Fast forward to today: Married, with a 2 year old toddler and a baby on the way. When I think about the kinds of “risks” I have been taking recently, some of them seem very “grown-up” –like starting a new business, but others seem downright boring. One thing I realized is that RISK now has another component: The “other”. Instead of thinking just about my reward, most of the risks I take now take into consideration someone else in my family–how will they be affected by the risk? What will be their reward?
Ok, so I still love to eat and try new things. But these days, my idea of a “culinary risk” consists of attempting to take our whole family out to eat (and risk my 2 year old throwing food in someone’s hair, or running away from me and accidentally tripping a waiter)…OR trying to create a homemade meal that both my husband, my toddler and myself will all enjoy. Just tonight I took a risk and made vegetarian lasagne. I know my husband likes it, but what about my 2 year old? I sat there biting my nails as I watched her poke the fork around on her plate. Would she eat it?? Would she spit it out???? Tonight marked a day when a risk was finally rewarded: My toddler actually ate more than 3 bites of something with vegetables in it. The adrenaline rush was unbelievable.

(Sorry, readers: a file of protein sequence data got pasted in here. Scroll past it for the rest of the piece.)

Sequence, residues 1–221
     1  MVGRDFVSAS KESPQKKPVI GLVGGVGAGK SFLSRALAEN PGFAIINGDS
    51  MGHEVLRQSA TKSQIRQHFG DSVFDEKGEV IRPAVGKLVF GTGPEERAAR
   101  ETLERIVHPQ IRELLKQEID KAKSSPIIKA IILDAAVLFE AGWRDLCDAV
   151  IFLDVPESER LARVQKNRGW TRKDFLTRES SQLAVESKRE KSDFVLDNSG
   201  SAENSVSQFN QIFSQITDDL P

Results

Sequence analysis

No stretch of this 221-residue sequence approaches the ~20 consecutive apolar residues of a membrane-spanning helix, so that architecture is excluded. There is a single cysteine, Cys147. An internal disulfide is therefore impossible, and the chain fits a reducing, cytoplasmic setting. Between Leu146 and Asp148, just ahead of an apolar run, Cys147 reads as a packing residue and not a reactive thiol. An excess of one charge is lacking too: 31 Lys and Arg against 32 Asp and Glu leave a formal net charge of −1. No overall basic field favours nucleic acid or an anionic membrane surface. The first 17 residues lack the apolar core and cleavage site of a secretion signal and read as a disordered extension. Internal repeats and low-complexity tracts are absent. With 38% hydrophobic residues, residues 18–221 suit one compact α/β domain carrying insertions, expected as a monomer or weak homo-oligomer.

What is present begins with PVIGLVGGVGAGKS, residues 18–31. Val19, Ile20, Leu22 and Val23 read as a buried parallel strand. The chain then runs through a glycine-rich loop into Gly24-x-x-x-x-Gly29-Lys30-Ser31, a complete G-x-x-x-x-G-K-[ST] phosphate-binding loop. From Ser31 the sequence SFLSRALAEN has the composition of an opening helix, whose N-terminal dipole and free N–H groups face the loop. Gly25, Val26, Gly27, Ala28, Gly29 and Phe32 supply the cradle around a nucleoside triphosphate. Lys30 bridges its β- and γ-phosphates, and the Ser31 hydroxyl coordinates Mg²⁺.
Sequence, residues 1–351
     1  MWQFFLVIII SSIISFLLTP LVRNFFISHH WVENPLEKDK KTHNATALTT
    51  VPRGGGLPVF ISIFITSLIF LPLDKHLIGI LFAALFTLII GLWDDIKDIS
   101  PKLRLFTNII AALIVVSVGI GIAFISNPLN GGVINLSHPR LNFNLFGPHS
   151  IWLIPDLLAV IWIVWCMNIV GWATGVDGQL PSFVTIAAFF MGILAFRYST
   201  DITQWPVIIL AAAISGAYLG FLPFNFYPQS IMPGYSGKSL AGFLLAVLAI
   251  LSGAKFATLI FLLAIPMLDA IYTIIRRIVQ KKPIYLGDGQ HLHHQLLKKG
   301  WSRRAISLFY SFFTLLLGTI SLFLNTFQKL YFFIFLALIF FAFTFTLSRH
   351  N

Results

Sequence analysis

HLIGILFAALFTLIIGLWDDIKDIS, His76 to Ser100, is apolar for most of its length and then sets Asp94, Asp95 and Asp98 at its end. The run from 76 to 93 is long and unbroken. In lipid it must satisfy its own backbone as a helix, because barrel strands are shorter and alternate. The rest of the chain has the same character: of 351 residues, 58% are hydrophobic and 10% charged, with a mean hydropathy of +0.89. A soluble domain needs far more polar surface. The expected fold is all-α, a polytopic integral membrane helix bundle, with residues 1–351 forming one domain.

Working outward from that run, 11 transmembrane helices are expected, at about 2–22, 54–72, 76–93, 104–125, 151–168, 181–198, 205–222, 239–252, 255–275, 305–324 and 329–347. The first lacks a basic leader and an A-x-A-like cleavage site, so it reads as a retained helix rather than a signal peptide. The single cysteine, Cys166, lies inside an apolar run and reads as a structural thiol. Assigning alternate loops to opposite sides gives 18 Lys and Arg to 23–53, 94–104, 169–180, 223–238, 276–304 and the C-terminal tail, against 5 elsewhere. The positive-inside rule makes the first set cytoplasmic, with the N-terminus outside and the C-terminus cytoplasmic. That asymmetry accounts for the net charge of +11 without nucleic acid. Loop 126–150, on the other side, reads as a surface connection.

These days, I am not nearly as shy as I used to be, so most social things aren’t as risky for me. Still, if it is a social gathering where I don’t know anyone, it still feels a bit “risky”–aka “socially awkward.” But I realized that socially I have become pretty predictable and boring. I’m not going to stay out late at some “rager” just to see if I can. I’m probably going to stick with events that are comfortable to me– art, friends, food, career, family. At this point my social risks are around things like how to react in public when Jenna pulls all the grapes off the shelf in the supermarket. I had plenty of opportunities to feel tortured when I was younger. At my age, why torture myself any more than absolutely necessary? 🙂